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Maple baseball bats turn Norristown factory into a phenom

On the eve his high school's bid for the New York state baseball championship, Elvin Soto took a bus to Norristown in search of a little magic.

Dave Owen finish sands a bat at Rx Sport. High-end maple models are a specialty at the Norristown, Pa. company. (April Saul/Staff)
Dave Owen finish sands a bat at Rx Sport. High-end maple models are a specialty at the Norristown, Pa. company. (April Saul/Staff)Read more

On the eve his high school's bid for the New York state baseball championship, Elvin Soto took a bus to Norristown in search of a little magic.

The 18-year-old from the Bronx thought he might find it in an airy factory on Washington Street whose product is a draw for an increasing number of ballplayers looking for a bit of the lightning that sends blasts off the bats of major-leaguers Shane Victorino and Josh Hamilton.

The budding high school star is part of the fast-growing customer list of Rx Sport, launched just 18 months ago with the goal of using the secrets of luxury furniture-making to improve the lumber of the national pastime.

"This is the best bat," Soto said as he held one of the custom maple bats last week. Soto, who is headed to the University of Pittsburgh in the fall, called the bat "a confidence builder" that has added more power to his line drives.

He buys three or four of the bats a year - "as many as I can afford." At $175 each, they are the most expensive on the market, according to the manufacturer. That didn't stop Soto from also buying a specially made pink bat for his mother.

Soto's devotion impressed the small crowd of batting aficionados at the factory. They included a couple of amateur players from West Chester who hovered around as worker Kevin Hollidge ran a cylinder of high-grade maple through a lathe.

That buzz is music to the ears of Rx Sport's ambitious founder, David Chandler.

Hamilton, last year's American League MVP with the Texas Rangers, "came back last night off of the disabled list with a broken arm and hit a line drive to right field 380 feet. That's great to see," Chandler said Tuesday. "That's the type of confidence that we're selling."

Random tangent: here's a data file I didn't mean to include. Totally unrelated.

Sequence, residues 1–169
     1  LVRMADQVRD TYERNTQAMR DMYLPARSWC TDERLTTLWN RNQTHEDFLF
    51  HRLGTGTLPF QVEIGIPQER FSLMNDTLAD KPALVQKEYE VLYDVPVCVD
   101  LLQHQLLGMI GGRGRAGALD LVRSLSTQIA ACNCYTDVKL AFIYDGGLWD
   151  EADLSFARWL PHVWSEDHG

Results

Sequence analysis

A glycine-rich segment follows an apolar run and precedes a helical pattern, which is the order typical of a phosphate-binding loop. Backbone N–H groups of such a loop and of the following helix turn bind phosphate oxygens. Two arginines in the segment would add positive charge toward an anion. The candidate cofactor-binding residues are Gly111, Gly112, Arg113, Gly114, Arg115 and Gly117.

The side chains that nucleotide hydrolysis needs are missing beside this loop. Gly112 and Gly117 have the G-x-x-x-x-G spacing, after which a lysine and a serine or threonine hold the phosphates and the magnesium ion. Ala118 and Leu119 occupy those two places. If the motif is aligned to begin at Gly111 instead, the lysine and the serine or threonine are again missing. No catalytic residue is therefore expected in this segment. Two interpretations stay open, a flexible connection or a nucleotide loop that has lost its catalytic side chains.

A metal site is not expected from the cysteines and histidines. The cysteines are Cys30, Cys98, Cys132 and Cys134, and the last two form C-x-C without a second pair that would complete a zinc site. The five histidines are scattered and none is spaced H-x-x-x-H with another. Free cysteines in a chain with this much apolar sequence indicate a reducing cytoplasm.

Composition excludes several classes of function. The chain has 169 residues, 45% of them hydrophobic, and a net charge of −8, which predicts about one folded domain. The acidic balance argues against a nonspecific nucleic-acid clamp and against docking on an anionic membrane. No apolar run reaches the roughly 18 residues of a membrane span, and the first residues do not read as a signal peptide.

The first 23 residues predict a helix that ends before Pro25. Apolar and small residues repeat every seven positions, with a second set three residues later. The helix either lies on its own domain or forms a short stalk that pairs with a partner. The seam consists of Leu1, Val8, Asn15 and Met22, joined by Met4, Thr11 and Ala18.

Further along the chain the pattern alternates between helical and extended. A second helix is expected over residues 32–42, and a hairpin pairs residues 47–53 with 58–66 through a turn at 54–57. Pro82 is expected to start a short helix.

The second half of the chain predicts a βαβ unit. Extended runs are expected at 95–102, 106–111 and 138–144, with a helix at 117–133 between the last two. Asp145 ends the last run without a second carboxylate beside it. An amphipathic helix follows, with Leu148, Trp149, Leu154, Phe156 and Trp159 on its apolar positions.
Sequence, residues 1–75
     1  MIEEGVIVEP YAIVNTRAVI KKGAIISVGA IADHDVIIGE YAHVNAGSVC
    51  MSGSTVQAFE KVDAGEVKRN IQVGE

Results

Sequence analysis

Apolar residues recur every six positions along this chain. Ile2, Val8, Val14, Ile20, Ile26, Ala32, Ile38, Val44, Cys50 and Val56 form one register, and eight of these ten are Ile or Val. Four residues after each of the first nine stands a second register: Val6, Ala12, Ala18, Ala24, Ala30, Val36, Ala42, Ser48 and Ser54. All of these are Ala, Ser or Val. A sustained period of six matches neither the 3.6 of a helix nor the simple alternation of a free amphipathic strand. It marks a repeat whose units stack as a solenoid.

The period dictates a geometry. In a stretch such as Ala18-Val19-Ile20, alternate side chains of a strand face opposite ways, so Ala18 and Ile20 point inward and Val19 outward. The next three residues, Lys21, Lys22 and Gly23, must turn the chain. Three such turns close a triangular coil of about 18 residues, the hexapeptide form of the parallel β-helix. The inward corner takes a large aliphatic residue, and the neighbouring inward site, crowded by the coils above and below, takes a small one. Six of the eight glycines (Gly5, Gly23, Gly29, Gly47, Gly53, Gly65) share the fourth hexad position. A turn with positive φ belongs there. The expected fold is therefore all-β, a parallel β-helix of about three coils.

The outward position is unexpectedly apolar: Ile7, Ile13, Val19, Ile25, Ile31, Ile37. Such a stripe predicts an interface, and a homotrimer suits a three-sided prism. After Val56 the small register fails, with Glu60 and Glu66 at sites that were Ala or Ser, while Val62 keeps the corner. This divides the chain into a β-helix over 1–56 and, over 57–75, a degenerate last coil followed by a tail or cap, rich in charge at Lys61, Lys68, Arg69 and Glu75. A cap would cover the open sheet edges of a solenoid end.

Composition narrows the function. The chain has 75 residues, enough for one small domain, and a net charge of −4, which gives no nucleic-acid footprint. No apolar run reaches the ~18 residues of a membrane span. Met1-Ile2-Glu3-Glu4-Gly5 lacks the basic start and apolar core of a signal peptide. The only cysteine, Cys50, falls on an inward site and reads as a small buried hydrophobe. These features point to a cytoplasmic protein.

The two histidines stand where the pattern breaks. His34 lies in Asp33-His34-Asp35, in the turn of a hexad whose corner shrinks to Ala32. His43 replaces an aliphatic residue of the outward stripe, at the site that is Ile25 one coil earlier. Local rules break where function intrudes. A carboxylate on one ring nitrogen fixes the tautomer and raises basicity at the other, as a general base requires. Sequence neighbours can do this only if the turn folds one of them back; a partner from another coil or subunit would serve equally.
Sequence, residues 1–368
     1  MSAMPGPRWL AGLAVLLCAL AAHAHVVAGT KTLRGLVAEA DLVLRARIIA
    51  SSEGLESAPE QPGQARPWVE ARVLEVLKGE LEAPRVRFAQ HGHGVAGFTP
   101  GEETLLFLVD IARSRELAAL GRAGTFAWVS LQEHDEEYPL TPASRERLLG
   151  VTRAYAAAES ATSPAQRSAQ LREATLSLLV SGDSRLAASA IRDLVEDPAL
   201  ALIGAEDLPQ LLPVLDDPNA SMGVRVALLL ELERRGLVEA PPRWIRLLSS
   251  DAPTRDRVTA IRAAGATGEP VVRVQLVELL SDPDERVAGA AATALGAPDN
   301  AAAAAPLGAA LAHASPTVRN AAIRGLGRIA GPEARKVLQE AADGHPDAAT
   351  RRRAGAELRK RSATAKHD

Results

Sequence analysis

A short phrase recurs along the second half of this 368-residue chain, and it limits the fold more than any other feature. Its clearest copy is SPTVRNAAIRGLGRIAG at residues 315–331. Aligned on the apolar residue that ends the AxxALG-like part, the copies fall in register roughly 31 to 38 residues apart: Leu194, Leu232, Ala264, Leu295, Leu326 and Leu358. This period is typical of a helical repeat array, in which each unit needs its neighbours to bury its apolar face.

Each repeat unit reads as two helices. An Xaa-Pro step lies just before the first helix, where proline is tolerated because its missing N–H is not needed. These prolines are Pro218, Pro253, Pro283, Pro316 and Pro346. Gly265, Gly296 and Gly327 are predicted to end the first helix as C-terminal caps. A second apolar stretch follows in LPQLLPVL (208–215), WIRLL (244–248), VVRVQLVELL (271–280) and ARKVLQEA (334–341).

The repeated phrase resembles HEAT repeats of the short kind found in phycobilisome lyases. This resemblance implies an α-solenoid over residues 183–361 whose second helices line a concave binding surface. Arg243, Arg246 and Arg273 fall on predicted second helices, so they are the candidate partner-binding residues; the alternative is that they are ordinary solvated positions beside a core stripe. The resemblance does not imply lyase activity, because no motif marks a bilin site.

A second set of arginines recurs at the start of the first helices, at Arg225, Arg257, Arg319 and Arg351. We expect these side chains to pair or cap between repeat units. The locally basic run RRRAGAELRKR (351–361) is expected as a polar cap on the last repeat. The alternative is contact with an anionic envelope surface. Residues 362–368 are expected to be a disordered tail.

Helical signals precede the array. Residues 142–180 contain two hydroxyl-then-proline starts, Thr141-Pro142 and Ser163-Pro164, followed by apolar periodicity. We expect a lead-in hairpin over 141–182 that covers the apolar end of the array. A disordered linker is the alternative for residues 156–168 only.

But the 42-year-old Chandler, who lives in Chestnut Hill, is also selling something else with his business venture: a small-manufacturer success story that in a way is as all-American as a Victorino triple in the alley for the Phillies or the aroma of hot dogs wafting down the aisles at Citizens Bank Park.

With degrees in business administration and design, Chandler initially worked in high-end furniture design and manufacturing for Marshall James Furniture, first out of Chicago and later in Greensboro, N.C.

That industry has struggled in recent years because of increased competition from Asian manufacturers, he said, and his frustration inspired him three years ago to look into a better way to make a baseball bat. It was a problem he approached with what you might call Yankee ingenuity.

"With my background in manufacturing, the bat was natural for me to be curious about, and, frankly, I said, 'I can do a better bat,' " Chandler said.

Specifically, a better maple bat.

Maple bats became a favorite of an increasing number of players - bats made of ash are more typical - after Barry Bonds used one to hit 73 home runs in 2001. The bats are prized for their resiliency and durability, but they also have a reputation for splintering dangerously when they break.

"It came across in the media that someone's going to get killed unless Major League Baseball bans maple," Chandler said.